Its over. Today, IDEC Sport and Spindrift 2 are tied safely to their respective docks for the first time in 47 days. Two days shy of the record.
It was touch and go at Cape Horn, both boats close to each other and a bit ahead of the record pace. But off Brazil in the South Atlantic, Aeolus played hell with them. Light, capricious winds pinned them down as the phantom Bank Pop rolled on four years past taking 500 miles in a matter of hours. Then, once across the equator, Neptune slammed the door shut and sent them hurtling off to the Azores and Labrador – blazing fast, but with puny VMG. The ghost of Bank Pop slipped further and further away – four years and 1000 miles ahead.
The two campaigns had completely different personalities. IDEC Sport – the legendary single-hander Francis Joyon in command – was light and fast. No extras for Joyon. Single-hander style, only six hand-picked men sailed IDEC. Joyon had her rig shortened in preparation for the tempest in the South. His philosophy was to sail the boat as light as possible, with a reduced crew, figuring she would be fast enough in the heavy South to overcome any light air issues the rig would expose elsewhere. His crew had to be experienced and tough as nails to keep up with the old man. By contrast, Spindrift 2 was a full on, no holds barred assault on the record. Bankrolled by Dona Bertarelli, no expense was spared in either the boat or crew. 14 sailors departed Brest under command of the talented Yann Guichard in a boat much bigger and faster than either IDEC or Bank Pop. The record was theirs to lose as the weather window for departure looked perfect. Indeed, they set a record of 4 days and some hours from Ushant to the equator – an unbelievable pace.
There was some wavering as the boats negotiated the South Atlantic high headed toward Cape Town. Bank Pop’s smooth and flawless course around the high was much faster than the jittery jibing route forced on both IDEC and Spindrift. But once in the Indian Ocean both boats lit the afterburners. Joyon took IDEC far south towards the ice in a daring run to make up ground while Spindrift just flat out flew. First Spindrift and then 8 hours later IDEC set the record for crossing the Indian Ocean. Into the deep Southern Pacific they soared with the albatross.
South of New Zealand they had to decide to go deeper South or stay North to negotiate an anti-cyclone ahead. South would be shorter and faster, but much more dangerous, taking them to 62 or 63 South – deep into the ice bergs. The weather routers for each team conferred and agreed – it was too dangerous to send them so far down. Both agreed neither boat should be routed South of 54 degrees and so the die was cast. For awhile the boats sailed within sight of each other – amazing after 23 days at sea and on the far side of the world. As they came within view of Cape Horn, both boats were still within striking distance of the record. But the ghost of Bank Pop sailed serenely past, deep outside the Falklands and far off the South American coast, while IDEC and Spindrift were pushed inshore into lighter and lighter air. Their lead gone and Bank Pop stretching away, the only hope was for the weather to cooperate and allow them to cut the corner of the Azores high to sail fewer miles than the big Atlantic loop forced on Bank Pop. Alas, a huge North American depression crossed the Atlantic just before them and its back side Northers slammed the door shut. With 50 knot winds and 8 meter seas, Yann Guichard all but abandoned the effort, noting that Spindrift was sailing safe rather than fast. Joyon took off on a fantastic joyride to nowhere as IDEC ripped off 40 knot speeds, but only 10 knots VMG. There would be no need for Loick Peyron to mount a defense of his record after all.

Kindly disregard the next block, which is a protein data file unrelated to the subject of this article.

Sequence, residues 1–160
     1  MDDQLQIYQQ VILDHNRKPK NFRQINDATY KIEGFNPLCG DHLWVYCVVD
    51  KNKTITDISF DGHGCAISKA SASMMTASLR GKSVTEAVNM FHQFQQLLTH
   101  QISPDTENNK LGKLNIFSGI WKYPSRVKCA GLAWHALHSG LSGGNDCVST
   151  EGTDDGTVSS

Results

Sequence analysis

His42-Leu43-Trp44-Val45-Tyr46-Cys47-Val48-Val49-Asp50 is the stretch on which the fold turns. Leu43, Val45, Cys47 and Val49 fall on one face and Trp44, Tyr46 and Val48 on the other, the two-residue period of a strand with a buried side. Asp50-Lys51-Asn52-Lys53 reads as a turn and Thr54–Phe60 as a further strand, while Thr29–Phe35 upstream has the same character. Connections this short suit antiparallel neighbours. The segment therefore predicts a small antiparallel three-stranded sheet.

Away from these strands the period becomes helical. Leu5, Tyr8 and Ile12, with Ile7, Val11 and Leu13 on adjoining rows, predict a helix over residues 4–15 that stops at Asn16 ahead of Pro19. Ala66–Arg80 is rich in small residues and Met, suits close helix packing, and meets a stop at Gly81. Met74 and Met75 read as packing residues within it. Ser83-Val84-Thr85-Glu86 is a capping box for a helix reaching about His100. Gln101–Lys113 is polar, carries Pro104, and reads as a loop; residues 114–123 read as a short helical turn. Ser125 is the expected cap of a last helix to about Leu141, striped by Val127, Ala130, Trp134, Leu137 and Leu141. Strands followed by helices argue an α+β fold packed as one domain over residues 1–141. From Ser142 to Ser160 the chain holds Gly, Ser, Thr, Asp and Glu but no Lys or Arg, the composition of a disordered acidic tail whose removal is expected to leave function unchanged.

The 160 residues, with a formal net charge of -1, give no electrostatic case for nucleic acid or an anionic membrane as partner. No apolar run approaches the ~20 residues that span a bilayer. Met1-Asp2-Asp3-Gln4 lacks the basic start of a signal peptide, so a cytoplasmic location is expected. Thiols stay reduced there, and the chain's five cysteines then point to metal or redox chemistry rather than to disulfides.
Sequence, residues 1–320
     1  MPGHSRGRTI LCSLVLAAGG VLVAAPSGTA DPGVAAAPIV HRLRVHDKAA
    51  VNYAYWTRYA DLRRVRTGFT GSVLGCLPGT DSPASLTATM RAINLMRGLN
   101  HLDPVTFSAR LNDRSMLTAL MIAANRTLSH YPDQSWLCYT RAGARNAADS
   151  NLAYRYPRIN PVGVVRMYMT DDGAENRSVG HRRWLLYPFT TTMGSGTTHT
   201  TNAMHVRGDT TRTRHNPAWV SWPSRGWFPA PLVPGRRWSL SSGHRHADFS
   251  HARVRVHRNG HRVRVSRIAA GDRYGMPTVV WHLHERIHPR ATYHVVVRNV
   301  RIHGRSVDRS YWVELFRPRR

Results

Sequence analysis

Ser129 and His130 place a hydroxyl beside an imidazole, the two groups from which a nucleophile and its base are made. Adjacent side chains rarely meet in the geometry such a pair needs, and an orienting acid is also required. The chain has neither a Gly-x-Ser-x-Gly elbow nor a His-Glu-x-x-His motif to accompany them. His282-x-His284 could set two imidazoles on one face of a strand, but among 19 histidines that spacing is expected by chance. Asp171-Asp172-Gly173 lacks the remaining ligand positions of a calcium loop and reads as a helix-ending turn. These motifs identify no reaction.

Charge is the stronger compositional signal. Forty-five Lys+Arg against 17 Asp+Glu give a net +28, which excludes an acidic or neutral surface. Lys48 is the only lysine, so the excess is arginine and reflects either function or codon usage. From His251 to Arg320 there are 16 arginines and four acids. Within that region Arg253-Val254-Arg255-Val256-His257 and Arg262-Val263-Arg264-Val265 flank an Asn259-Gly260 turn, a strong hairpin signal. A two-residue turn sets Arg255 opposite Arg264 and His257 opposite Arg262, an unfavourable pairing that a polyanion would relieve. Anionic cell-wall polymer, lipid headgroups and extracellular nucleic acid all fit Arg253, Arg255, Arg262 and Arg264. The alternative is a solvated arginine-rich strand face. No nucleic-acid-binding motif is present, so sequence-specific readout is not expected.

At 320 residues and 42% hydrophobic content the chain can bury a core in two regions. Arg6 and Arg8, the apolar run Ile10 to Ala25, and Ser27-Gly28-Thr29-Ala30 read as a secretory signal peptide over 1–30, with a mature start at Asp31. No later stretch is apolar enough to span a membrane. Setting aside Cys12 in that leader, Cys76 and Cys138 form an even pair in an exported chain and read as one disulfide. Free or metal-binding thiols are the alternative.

Its hard to single out any one person for praise from such a group of tough and talented sailors. Dona Bertarelli deserves recognition not only for funding Spindrift, but pulling tough watches with the guys. She is now the fastest woman to circle the globe. But I think two of the men deserve special mention.
Francis Joyon is famed as a single handed sailor – a true old man of the sea. For this project he put together a great team of iron sailors to sail IDEC as hard as they could – together. In a remarkable effort, Joyon brought together six diverse and determined men, molded them into a cohesive unit and kept them working together all the way to the end. It was a spectacular effort by the famously introspective Joyon. Like Peyron, Francis showed true leadership. His courage, elan and skill inspire whether sailing alone or in charge of a crew of rowdy characters.
Yann Riou last circled the globe aboard DonFeng in the Volvo Ocean Race. He stepped off that boat and stepped on to Spindrift and kept taking amazing images. The views he shot from Spindrift are stunning. Day after day another set of gorgeous photographs were beamed off the boat. His drone video of Spindrift off Cape Horn and mid-Atlantic is an instant classic and foretells a new means of yarn spinning.
IDEC and Spindrift kept us riveted to our screens as we followed them on their grand adventure racing the ghost of Bank Pop around the world. It was human endeavor of the highest order. They did not bag the record this time around, but the stage is set for another go. Peyron’s record looks secure for now, but both of these campaigns will have learned where his record is vulnerable and will use that knowledge in a future attempt. The record will fall, but it will take a perfect campaign to do it.
The Jules Verne – iron sailors on carbon fiber ocean flyers reaching for the impossible. It doesnt get any better than that.